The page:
A source who requested anonymity said that the people are all too fired up which he believed would be sustained because they are already fed up with all the bogus political solutions to the Mindanao problem.
He also believes that the ultimate end of programs like that of the BUC is ‘to placate the Bangsamoro’s fervor for the real Bangsamoro aspiration and direct their minds into a mere submission to whatever the government and the mainstream Filipino society want.’
“They want to change the way we live our life as Muslims and the way we are as Moros. Certainly, we cannot allow that to happen.” He said.
Jon, a Muslim youth, said of his participation to the demonstration, “Ha supaya magbaynat in pag-pahgang natuh ha pagsud sin satruh mari. Maytah kagausan sin kafir ha Manila mag-demonstrate magkakal iban mga police in kita Muslim dih; in ha Palestine kagausan magpa-shaheed in kitaniyu Muslim dih? (So we may continue our fight to prevent the enemy from coming in [to Sulu]. Why can the non-believers in Manila afford to go in a brawl with police forces during demonstrations and in Palestine, they die fighting, and we Muslims here can’t?).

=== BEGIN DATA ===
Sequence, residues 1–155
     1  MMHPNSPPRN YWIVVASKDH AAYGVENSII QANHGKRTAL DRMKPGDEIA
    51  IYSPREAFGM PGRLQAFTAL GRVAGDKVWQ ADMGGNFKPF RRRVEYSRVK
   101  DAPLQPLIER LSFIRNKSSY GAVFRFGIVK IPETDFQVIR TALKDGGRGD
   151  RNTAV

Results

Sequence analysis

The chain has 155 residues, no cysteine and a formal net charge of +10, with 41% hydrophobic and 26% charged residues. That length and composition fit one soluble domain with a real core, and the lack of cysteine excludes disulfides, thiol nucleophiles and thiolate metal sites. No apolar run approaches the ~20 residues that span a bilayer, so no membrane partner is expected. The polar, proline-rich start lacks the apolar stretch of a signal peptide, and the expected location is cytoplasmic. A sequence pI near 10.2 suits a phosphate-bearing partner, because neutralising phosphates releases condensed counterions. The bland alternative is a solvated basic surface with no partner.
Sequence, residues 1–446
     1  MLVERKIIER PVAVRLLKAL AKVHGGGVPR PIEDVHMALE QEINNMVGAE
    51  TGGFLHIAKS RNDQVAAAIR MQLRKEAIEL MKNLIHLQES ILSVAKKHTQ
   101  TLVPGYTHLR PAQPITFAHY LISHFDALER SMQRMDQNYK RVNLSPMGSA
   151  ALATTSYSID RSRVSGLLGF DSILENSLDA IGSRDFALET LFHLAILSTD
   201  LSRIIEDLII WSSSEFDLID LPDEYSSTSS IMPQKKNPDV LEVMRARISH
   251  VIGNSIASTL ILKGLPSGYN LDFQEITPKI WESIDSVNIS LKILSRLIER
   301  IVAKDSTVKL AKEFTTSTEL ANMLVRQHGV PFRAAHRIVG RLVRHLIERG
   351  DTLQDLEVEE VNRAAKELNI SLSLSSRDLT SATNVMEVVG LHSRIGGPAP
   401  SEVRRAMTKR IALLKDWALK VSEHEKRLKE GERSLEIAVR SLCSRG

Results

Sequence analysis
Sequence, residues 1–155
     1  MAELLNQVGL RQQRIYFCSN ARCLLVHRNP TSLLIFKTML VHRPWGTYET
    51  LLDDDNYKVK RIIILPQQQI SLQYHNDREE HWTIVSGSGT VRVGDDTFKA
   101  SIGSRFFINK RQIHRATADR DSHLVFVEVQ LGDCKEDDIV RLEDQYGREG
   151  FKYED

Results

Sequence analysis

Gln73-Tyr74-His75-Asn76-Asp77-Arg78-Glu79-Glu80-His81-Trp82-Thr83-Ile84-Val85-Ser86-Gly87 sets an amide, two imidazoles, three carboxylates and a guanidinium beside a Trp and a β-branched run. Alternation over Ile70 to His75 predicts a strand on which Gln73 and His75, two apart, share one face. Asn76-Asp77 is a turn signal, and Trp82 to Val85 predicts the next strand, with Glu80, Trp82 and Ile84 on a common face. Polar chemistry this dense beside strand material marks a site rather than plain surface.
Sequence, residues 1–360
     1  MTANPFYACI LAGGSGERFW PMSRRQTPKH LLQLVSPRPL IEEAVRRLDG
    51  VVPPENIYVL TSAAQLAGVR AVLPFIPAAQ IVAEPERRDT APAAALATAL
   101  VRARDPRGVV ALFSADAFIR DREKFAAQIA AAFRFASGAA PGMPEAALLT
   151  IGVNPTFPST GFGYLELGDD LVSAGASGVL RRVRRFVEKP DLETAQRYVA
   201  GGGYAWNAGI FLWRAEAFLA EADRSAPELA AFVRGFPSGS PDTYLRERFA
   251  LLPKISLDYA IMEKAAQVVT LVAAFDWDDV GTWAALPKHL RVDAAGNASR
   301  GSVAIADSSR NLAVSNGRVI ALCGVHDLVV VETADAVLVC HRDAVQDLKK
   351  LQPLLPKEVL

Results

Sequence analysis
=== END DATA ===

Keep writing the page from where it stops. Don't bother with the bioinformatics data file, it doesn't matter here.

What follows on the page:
Jon is one of those who heavily guarded the Grand Tulay Mosque. A tour to the mosque is part of the program in the third day of the assembly. The BUC delegates finally decided not to pursue the tour.
The anonymous source said, “It rearticulates of what has been the desired end of the forefathers of the Bangsamoro struggle. On the other hand, it confirms the failure of attempts to fully realize peace and reconciliation despite the decades of negotiations. We may not represent the entire Bangsamoro people but we are definitely a part of it and we have to have a voice.”
In her comment to the recently-concluded assembly, Mucha Arquiza of Concerned Bangsamoro Muslim in Western Mindanao writes, “As community of believers, it is our religious and moral obligation to support and believe in dialogue and to establish understanding among peoples and cultures as steps towards peace, but only when it is of genuine exchanges between co-equal, imbued with sincere intention, based on mutual respect and aimed at establishing justice.” (Bulatlat.com)